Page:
But you knew that anyway from the title of this post. So how bad could it have really been? Very bad.

Defining the role of appellate courts

Dan Klau points, rather diplomatically, to a Connecticut Supreme Court opinion issued today [PDF] which he lost. It’s a civil case, but what sucked me in was his description of the issues in the case, which fits right in with the theme of complaints that I have with this present Supreme Court:

In particular, it will tell us whether a majority of the Court believes that the proper role of an appellate court is to decide the issues that the parties have raised and argued–and only those issues–or, alternatively, whether the Court believes that it is appropriate to decide cases based on issues that appellate judges raise on their own initiative. In short, can and should appellate courts raise and decide unpreserved issues sua sponte?

Today, the Connecticut Supreme Court ruled that yes, it could very well decide appeals based on issues that it raised on its own and that no one thought of at the trial level and that weren’t preserved or properly briefed or that the trial judge had no opportunity to consider.

Okay, that’ll be the last of the snark for today, because it actually is a really interesting and important opinion written by Justice Palmer.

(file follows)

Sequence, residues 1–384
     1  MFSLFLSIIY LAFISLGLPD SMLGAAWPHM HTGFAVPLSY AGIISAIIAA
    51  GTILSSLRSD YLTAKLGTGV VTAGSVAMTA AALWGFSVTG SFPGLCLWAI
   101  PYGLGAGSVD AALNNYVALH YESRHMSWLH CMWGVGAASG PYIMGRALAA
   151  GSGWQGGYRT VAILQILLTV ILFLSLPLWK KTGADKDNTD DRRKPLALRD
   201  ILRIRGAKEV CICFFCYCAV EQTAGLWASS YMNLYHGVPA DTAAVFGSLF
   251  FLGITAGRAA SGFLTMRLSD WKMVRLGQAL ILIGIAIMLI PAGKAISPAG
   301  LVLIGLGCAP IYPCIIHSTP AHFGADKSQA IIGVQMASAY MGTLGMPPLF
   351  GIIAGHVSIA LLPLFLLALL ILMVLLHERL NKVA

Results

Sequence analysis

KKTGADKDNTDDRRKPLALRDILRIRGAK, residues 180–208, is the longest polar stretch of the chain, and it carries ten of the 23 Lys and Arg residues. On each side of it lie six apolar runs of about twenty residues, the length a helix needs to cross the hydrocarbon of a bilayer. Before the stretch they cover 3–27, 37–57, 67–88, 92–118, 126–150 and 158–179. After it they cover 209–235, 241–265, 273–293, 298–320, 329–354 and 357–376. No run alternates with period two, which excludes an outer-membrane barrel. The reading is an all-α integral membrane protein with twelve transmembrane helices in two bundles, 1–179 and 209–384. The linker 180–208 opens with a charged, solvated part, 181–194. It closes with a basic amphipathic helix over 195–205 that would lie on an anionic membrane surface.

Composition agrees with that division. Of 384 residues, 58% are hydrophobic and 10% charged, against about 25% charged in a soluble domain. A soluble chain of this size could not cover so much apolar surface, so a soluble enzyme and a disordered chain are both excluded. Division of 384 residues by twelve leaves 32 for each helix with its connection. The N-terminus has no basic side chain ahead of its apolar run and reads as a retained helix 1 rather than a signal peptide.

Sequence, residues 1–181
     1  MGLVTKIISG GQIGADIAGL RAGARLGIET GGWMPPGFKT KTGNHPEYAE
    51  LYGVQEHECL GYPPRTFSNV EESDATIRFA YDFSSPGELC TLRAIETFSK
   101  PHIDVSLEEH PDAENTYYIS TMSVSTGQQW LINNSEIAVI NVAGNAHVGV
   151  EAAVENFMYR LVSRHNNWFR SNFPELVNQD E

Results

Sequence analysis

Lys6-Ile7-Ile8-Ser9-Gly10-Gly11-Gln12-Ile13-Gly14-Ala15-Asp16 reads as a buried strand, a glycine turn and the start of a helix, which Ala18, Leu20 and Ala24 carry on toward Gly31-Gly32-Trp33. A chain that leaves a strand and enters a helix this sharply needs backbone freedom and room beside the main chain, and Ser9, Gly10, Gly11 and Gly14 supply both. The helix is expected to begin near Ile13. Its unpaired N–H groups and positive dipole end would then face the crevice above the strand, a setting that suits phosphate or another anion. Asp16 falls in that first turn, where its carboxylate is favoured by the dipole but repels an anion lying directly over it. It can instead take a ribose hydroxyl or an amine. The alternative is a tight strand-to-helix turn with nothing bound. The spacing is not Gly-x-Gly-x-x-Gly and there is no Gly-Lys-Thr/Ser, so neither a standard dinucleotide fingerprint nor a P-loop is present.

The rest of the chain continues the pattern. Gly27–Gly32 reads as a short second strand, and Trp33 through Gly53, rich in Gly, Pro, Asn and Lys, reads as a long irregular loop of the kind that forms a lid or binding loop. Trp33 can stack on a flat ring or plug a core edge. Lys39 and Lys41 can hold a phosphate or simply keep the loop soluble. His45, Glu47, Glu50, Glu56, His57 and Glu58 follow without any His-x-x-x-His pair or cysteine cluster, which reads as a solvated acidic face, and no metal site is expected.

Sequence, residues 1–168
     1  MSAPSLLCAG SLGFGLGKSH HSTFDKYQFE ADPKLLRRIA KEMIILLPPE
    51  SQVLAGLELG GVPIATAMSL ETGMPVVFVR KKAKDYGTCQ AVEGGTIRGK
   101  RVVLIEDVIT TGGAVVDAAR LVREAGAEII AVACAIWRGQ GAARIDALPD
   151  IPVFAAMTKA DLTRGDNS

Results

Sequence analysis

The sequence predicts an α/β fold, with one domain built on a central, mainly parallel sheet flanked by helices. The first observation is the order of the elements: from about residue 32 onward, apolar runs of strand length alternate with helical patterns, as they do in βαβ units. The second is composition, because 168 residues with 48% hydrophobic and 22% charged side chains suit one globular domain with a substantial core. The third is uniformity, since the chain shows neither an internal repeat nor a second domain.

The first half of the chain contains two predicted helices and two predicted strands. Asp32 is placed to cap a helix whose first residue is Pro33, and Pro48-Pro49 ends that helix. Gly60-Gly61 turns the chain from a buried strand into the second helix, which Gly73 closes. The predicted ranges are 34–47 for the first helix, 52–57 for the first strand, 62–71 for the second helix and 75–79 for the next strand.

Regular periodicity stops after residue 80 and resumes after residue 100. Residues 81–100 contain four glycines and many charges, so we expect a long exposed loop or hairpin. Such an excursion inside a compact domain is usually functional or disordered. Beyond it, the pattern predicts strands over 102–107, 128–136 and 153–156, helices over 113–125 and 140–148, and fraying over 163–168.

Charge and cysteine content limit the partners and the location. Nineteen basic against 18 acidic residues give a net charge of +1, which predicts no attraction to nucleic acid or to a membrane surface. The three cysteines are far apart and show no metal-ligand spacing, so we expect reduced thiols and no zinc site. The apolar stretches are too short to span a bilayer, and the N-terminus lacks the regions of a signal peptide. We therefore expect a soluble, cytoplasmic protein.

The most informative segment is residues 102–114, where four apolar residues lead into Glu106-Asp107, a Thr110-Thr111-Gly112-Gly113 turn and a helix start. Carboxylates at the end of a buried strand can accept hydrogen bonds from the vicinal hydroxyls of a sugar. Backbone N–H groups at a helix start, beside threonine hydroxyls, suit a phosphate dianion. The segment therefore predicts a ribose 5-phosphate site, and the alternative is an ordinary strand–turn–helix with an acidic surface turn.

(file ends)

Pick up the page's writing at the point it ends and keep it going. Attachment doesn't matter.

The issues were divided up by the Court as follows:

Yet another judge caught on video abusing his power

Thanks to this video recording from August 2013, the public gets another glimpse into the power trips that some people go on when they get elevated to the bench.

Back in August last year, a woman named Ebony Burks was arrested and brought before a judge (Judge Gary Bennett) for arraignment. He asked her how she wanted to plead (not guilty) and then set bonds. As a condition of bond, he directed her to stay away from her partner, who was the victim of a domestic charge. When she realized that that meant she couldn’t go to her own home, shit hit the fan:

“How you going to tell me I can’t go to my home?” Burks asked.

“I just did,” Bennett replied.

“Well, I bet I do,” Burks said.

That brought the initial 30 day sentence.

Burks got 60 days when she held up her hand and walked away from the camera. Bennett ordered her back. Burks continued to talk back.

Here are her words and the resulting jail sentences: